- 134 Downloads
KeywordsAdultery Hindu Scriptures Ahalya Bhishma Saraswati
Adultery, also sometimes found in the form of incest, is a consensual physical correlation between two persons who are not in conjugal relationship with each other. Adultery is considered sinful and wrong in Hinduism so much so that it is also unlawful and criminal under Section 497 of the Indian Penal Code. The Hindu Dharmashastras forbid any type of sexual union/act – physical, mental, and emotional adultery – outside the socially sanctioned marriage institution . According to Bhagavad Gita, a corrupt woman destroys family values which further leads to the destruction of the clan (1:40–42). And Manusmriti implored the ruler to free the State from adultery, assault, theft, defamation, and violence (5:154; 8:386–387).
In Shanti Parva of Mahabharata (Section CLVIII), there is a dialogue between Bhishma and Yudhishthira where Bhishma considered it as a major sin and recommended punishment for the one who is proven guilty . For a woman, who abandons her husband of a higher caste to a lower caste person, the ruler is advised to put such a culprit in front of dogs to be devoured in the midst of an immense concourse of spectators. Likewise, a wise ruler should punish a male person committing adultery under similar circumstances to be put upon a heated iron bed, and small sticks are tied together for burning on a fire underneath to punish the culprit thereon.
Adultery and Hindu Gods/Gods
Adultery is very common, and some Hindu gods are found playing incest and adultery not only in their heavenly abode but also on earth. Some often visit earth to seduce women. Quite surprisingly, Hindu Scriptures are filled with many licentious stories of gods – starting from Brahma (the creator of the universe) and Vishnu (the protector of the universe) to Indra (the king of gods) and Agni (the fire god). While reading such narratives in Hindu Scriptures, one must remember that adultery and incest are man-made terms, and only humans are bound to it, not the Gods and minor gods .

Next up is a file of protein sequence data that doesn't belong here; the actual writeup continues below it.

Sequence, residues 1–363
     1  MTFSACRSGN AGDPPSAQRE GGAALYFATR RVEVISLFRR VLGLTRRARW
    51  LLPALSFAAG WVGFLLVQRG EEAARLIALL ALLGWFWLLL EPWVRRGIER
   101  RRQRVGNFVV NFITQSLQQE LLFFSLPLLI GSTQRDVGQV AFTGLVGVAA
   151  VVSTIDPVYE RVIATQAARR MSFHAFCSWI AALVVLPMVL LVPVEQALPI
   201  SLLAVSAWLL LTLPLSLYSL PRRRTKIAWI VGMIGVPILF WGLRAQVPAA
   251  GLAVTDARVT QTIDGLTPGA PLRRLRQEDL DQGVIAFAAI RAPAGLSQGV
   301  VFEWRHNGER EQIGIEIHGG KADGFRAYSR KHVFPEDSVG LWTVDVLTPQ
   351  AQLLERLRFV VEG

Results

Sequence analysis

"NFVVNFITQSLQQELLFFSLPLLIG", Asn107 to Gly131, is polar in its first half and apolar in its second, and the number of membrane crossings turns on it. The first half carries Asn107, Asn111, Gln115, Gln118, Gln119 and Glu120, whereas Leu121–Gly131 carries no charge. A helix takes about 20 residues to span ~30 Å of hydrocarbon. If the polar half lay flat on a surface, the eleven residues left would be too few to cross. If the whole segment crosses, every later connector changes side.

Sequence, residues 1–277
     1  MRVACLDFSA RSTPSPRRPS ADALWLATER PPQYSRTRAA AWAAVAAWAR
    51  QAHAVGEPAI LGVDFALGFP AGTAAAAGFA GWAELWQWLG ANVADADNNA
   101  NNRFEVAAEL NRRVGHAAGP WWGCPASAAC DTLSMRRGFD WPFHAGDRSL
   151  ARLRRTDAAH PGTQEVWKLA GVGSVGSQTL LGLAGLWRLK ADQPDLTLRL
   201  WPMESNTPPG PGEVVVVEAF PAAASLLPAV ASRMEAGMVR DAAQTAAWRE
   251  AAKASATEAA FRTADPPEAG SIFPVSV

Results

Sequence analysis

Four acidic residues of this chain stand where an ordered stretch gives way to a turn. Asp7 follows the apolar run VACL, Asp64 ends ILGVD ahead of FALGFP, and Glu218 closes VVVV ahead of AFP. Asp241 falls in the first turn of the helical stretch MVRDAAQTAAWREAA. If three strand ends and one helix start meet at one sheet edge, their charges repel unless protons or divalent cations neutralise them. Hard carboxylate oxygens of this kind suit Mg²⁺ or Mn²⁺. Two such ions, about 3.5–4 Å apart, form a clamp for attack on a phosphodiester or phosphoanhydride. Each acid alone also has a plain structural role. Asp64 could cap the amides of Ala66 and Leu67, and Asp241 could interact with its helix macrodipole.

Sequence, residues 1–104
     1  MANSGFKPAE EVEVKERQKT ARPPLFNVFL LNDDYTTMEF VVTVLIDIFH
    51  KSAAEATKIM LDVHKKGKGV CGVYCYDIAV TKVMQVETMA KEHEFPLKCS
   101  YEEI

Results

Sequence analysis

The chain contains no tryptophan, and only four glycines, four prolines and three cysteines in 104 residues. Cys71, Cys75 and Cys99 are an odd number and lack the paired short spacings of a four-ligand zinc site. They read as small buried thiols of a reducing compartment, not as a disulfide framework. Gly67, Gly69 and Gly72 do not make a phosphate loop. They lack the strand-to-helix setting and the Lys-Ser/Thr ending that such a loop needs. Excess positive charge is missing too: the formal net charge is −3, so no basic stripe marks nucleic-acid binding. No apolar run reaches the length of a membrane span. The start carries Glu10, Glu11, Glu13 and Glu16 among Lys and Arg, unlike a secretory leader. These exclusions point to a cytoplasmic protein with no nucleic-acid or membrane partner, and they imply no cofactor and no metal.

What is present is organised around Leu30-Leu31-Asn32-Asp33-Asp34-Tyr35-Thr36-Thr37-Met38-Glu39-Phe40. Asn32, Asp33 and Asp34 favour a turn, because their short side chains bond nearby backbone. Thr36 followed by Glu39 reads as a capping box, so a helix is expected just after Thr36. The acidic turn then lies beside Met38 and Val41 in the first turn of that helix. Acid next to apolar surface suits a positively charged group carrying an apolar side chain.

The story of Brahma (one of the three main Gods in Hinduism) and Saraswati (the goddess of learning/knowledge) is an example of one such narrative whose reference is found in many Hindu Scriptures, including Matsya Purana (III.32), Aitareya Brahmana (III.33), Bhagavata Purana (III.12.28), Shiva Purana, Jnanasamhita (49:65–80), and Satapatha Brahmana (I.7.4). Brahma created his daughter Saraswati from his own seminal fluid and later on become armored seeing her beauty so much so that he wanted to have her. Saraswati, in turn, ran into all directions to save her but could not escape from her father’s lust. Consequently indulging incest and adultery, they lived for 100 years and had one son Swayambhumaru and a daughter Satarupa thereafter. Another version of the same story states that Brahma in the process of creation created Saraswati and got attracted toward her like Frankenstein. His heads grew out in all directions while gazing, chasing, and following Saraswati. Shiva, the God of destruction, grew angry witnessing this obsession of Brahma and cut his fifth upward head and cursed him not to be worshipped by anyone. However, finally father and daughter got together for creating life in this universe.